Actor Boycotting New ‘Super Mario Bros’ Movie Because Latino Not Cast To Voice Italian Brothers

Actor John Leguizamo, who played Luigi in the 1993 live-action “Super Mario Bros.” movie, is boycotting the new animated adaptation of the video game series over a supposed lack of Latino diversity.

Leguizamo is Colombian and suggested the new movie should have cast a Latino actor to play at least one of the brothers. Notably, the characters of Mario and Luigi are Italian.

“No, I will not be watching ‘Super Mario Bros,’” Leguizamo told TMZ on Thursday. “They could have included a Latin character — like, I was groundbreaking, and they stopped the groundbreaking. They messed up! They messed up the inclusion, they dis-included.”

Actors Chris Pratt and Charlie Day are voicing Mario and Luigi, respectively, in the new animated movie.

“Cast some Latin folk. Just cast some Latin folk,” the actor added. “We’re 20% of the population; the largest ‘people of color’ group, and we’re under-represented — over-represented in the worst kind of jobs, though.”

“So, no ‘Super Mario Bros.’ for you?” the TMZ reporter pressed Leguizamo. “Hell no,” the actor answered.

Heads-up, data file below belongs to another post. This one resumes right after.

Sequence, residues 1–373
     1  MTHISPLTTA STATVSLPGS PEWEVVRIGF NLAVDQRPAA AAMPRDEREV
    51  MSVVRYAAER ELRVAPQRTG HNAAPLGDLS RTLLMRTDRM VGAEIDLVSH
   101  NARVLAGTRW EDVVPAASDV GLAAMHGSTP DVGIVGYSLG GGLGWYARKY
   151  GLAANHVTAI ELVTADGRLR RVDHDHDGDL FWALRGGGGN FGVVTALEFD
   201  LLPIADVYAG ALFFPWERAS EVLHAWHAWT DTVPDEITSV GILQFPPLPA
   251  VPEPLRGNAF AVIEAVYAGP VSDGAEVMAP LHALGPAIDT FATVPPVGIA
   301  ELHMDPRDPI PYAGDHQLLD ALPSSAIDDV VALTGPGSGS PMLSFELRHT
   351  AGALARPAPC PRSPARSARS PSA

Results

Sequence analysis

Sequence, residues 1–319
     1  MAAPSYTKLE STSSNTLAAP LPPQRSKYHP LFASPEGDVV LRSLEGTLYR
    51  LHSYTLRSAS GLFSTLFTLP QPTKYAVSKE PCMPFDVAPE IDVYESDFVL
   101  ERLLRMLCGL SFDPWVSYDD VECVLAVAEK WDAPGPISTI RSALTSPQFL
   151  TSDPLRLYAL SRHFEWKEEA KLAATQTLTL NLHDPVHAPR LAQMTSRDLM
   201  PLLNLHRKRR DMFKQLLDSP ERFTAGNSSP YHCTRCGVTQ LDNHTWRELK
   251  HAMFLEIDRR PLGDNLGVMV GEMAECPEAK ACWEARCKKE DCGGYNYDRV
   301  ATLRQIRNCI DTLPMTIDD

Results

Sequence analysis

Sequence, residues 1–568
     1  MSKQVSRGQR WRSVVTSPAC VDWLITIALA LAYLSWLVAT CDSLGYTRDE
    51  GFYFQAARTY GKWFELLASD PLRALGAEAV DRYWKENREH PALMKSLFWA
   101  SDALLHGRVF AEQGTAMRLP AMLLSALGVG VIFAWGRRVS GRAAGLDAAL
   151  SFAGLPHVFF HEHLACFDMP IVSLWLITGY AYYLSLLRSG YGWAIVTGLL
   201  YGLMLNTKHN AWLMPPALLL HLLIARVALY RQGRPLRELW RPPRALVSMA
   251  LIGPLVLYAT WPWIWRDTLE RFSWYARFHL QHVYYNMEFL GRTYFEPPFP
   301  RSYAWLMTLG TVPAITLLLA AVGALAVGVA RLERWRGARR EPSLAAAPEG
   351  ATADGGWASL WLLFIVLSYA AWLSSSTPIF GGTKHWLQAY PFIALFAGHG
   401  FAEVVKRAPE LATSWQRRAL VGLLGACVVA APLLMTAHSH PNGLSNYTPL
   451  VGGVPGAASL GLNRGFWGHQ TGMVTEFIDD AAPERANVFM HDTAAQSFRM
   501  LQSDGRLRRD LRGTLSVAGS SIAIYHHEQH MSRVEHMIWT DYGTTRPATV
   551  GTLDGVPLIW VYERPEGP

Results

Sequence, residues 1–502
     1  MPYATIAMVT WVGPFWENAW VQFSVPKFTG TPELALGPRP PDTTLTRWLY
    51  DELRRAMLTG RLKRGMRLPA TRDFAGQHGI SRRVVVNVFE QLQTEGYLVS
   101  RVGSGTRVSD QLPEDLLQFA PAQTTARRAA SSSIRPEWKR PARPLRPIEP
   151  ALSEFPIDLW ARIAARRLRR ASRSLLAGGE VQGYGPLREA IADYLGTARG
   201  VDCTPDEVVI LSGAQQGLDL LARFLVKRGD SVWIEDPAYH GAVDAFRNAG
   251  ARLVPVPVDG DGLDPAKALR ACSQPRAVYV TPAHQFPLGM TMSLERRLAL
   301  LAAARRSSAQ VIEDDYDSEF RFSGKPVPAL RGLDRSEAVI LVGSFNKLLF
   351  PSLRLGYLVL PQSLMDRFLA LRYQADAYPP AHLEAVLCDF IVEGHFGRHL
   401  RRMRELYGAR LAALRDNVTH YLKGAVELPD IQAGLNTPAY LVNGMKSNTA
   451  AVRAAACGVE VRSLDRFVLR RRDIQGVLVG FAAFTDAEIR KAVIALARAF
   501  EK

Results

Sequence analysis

Early on, Pratt caught flak over his casting to voice the Italian character even though he is not Italian. Day, who voices Luigi, is part Italian.

Pratt, though, is not using the thick Italian actor fans are used to, instead sounding more like an Italian-American living in New York City.


“I — you know, come watch the movie,” Pratt recently said in response to the criticism, The Daily Wire reported. “Go watch the movie and then we can talk. I really think that once you see the movie — and, you know what? In all honesty, I think you probably need to watch it twice.”

Pratt went on to acknowledge that there were a lot of super-fans in the “Super Mario Bros.” fanbase — counting himself among them — and he said that he absolutely understood that no one wanted to see a movie company come in and change a piece of their childhood in order to make a “cash grab.”

“This is the soundtrack to your youth, and you don’t want someone to come along and cynically kind of just destroy it as a cash grab with the movie,” he said. “I fully understand that, you do not want that to happen. And there are so many hearts and souls and minds dedicated to making sure that didn’t happen … it really honors the video game and honors the world of Mario.”

Virginia Kruta contributed to this report 

Related: ‘You Probably Need To Watch It Twice’: Chris Pratt Reacts To Criticism Over ‘Mario Bros’ Accent

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